If you’ve been around cattle, you’re familiar with horn flies. These pests may be small, but they do an incredible amount of damage. Ranches in Florida alone suffer a loss estimated at $36 million annually due to the horn fly. Up to $60 million annually is spent on insecticidal control in the United States to combat the horn fly and other insects. In today’s article, we’ll bring you some advice given by the University of Florida Institute of Food and Agricultural Sciences (UF IFAS) to help keep your farm safe. For more on pest control tips for your herd, visit our blog page.
What damage do they do?
Horn flies lay their eggs in cow manure. Adult flies feed off cattle blood, with each fly feeding around 20 times per day. While that may not sound like a lot, it can cause substantial damage when there’s a large population of flies. The flies can transport bacteria and disease, but also cause a noticeable reduction in weight gain. Cows spend energy tossing their heads and flicking their tails to get rid of flies, which decreases growth and milk production.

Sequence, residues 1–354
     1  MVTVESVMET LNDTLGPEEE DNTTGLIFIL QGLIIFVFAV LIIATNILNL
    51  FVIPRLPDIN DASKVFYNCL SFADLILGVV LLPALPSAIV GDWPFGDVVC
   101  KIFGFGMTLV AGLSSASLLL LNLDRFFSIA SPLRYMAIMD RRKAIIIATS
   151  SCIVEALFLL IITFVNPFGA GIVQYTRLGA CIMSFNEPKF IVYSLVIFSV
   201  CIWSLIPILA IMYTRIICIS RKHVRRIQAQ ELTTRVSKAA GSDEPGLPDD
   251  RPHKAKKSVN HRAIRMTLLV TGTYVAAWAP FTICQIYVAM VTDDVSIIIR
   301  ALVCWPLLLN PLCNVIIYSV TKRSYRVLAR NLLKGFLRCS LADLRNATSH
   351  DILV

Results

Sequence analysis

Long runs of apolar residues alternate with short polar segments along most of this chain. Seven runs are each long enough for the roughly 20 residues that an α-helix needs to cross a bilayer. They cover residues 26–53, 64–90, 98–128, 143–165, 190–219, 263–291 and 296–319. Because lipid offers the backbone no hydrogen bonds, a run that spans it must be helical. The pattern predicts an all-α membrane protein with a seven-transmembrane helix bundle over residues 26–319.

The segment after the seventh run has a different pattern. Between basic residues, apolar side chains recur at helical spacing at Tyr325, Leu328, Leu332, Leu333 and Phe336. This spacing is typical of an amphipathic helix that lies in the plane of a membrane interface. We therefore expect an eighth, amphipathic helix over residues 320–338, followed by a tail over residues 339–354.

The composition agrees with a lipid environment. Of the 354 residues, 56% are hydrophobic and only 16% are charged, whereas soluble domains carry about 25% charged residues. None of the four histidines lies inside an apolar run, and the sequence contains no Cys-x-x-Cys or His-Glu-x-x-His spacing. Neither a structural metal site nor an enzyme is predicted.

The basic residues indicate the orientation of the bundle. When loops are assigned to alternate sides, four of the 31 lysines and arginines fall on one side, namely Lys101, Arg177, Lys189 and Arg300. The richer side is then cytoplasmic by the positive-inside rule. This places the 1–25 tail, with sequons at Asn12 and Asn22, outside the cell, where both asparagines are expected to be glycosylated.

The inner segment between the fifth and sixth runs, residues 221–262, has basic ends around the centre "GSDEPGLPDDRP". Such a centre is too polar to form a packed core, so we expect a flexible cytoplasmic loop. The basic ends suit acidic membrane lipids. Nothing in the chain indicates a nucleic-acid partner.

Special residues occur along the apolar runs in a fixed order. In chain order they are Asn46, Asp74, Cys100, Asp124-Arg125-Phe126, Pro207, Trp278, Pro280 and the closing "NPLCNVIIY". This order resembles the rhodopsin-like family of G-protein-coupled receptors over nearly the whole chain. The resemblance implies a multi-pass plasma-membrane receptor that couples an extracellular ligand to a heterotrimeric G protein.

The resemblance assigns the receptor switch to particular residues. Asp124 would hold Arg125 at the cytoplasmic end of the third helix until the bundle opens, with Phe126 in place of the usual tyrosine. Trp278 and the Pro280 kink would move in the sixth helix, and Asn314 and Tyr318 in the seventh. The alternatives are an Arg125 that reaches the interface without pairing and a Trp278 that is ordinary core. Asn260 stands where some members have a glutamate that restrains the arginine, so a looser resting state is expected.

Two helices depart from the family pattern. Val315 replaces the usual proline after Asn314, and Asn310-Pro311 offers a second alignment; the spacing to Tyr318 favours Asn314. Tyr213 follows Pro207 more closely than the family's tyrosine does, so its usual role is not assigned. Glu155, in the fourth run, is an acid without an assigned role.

How do ranchers look out for horn flies?
The economic threshold for horn flies is 200 flies per cow for beef cows, meaning when the fly population gets to this point, the cost of treatment is less than the benefits to the cows in health and production level. To watch for flies, check your cow’s behavior. Choose 10 cows as subjects, and estimate the number of flies on one side of the cow based on density and appearance. For more information on beef cattle, visit our website.
What are some preventative measures to take?
Some good methods of prevention involve insecticides or treatments where the cow is forced to walk through a backrubber or dust bag. Horn flies in certain areas are immune to certain treatments, so check with local agencies to see what’s recommended for you.
At Dark Hammock Legacy Ranch, we strive to give our cattle the best health possible, knowing we pass on those benefits to our consumers. Visit our website to learn more about our history.